There are certain nutrients that are vital to the health and well-being of your growing child. Here’s what you should know about DHA.
What is DHA?
DHA, short for docosahexaenoic acid, is one of the two major long chain omega-3 fatty acids that occur throughout the body (the other long chain acid being EPA, or eicosapentaenoic acid). The DHA is a major structural fat in the brain and the retina. To set context, there are two types of polyunsaturated fatty acids: omega-3s and the short-chain omega-6 linoleic acids, found in seeds, nuts and certain oils. The body needs both, but most people today consume more almost 10 times more omega-6s than omega-3s, when they should be consuming more of the latter.
How does it help?
Primarily for healthy brain development, children need DHA. When the four critical areas of a kid’s brain (intellectual, motor, emotional and communication) are properly stimulated and nourished, they can achieve so much more.
Sources of DHA
The best sources of DHA include fatty Coldwater fish, such as salmon, Bluefin tuna, black cod, sardines, and herring. DHA can also be found in shellfish and organ meats. Smaller fishes that lie lower on the food chain are considered to be the safest sources, as they contain fewer toxins. These sources include catfish, shrimp, wild salmon, Pollack and tuna (canned chunk light tuna has three times less mercury than albacore tuna)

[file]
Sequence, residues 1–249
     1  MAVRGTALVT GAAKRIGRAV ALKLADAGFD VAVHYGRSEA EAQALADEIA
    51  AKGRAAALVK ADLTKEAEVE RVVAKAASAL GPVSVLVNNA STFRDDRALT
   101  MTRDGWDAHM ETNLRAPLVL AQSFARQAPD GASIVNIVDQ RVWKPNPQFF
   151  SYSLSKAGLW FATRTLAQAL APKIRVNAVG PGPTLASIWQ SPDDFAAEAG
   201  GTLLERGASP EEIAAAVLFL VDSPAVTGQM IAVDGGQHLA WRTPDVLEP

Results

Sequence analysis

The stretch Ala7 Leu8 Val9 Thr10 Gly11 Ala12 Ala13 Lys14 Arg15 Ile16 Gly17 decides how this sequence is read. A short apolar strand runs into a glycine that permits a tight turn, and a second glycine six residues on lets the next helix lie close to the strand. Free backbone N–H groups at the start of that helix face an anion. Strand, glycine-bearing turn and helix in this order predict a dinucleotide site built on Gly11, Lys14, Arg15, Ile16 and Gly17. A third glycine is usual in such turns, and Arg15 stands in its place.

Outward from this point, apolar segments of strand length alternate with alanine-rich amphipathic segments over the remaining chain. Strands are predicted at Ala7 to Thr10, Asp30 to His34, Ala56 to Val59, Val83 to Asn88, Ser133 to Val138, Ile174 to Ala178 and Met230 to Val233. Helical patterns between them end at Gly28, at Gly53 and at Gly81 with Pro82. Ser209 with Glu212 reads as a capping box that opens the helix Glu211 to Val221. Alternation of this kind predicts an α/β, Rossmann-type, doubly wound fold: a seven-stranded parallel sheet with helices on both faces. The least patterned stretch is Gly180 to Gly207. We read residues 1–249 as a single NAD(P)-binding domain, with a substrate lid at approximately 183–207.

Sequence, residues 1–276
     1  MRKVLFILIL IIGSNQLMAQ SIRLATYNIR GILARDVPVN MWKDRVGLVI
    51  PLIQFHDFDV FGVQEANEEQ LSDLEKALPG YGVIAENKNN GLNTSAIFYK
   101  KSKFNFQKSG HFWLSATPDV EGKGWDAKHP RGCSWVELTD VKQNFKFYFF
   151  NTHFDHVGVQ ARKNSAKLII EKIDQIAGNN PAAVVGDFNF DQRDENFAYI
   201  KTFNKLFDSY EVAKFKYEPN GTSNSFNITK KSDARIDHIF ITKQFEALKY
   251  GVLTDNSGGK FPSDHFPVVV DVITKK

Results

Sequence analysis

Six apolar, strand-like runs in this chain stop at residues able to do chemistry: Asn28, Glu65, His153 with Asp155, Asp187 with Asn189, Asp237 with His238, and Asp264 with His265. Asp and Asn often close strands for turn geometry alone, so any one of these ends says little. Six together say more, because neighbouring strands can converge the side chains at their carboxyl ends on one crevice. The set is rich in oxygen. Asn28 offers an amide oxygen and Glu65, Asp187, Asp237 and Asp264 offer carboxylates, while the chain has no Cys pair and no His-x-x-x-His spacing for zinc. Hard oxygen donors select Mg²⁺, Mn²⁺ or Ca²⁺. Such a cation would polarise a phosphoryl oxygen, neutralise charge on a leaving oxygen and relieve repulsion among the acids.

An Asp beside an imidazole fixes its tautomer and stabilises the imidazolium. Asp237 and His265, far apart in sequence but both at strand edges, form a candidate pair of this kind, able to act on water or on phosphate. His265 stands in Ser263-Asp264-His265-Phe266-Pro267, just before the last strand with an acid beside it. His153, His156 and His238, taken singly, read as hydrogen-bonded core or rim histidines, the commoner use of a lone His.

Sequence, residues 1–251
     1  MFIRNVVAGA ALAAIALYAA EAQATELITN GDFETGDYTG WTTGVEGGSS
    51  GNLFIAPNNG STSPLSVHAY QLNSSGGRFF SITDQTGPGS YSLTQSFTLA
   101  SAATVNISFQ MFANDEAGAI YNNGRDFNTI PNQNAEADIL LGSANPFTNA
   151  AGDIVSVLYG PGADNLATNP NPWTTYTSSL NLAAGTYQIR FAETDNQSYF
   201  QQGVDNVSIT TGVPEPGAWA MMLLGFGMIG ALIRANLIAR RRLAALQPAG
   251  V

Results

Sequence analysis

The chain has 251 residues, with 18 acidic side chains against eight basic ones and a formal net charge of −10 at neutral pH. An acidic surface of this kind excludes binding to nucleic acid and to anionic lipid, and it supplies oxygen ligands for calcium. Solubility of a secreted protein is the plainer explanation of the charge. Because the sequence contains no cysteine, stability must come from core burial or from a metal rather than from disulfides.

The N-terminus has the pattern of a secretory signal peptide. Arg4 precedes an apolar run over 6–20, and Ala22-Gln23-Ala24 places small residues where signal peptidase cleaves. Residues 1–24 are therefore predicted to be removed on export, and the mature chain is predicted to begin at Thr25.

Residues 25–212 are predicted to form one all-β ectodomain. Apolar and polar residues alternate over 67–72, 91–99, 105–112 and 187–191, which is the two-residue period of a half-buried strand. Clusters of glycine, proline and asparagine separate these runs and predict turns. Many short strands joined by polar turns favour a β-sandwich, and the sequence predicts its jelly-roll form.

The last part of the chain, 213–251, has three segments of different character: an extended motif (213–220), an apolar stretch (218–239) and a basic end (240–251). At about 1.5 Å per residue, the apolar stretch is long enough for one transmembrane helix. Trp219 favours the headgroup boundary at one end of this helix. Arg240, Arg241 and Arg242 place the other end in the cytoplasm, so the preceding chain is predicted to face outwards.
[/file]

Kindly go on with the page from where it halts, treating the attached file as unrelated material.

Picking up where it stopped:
Since its easier to derive omega-3 fatty acids from fish oils, we can get DHA through supplements. Ask your pediatrician if a supplement would be right for your child’s nutrition.
The human body produces only a small amount to DHA on its own, which makes food sources and supplements necessary. Women who are pregnant or hope to conceive soon should avoid higher chain seafood such as shark, swordfish etc. as they have a higher content of mercury as compared to other fish.Fish is sometimes also called as brain food, because it is the prime source of DHA and contributes heavily in healthy brain development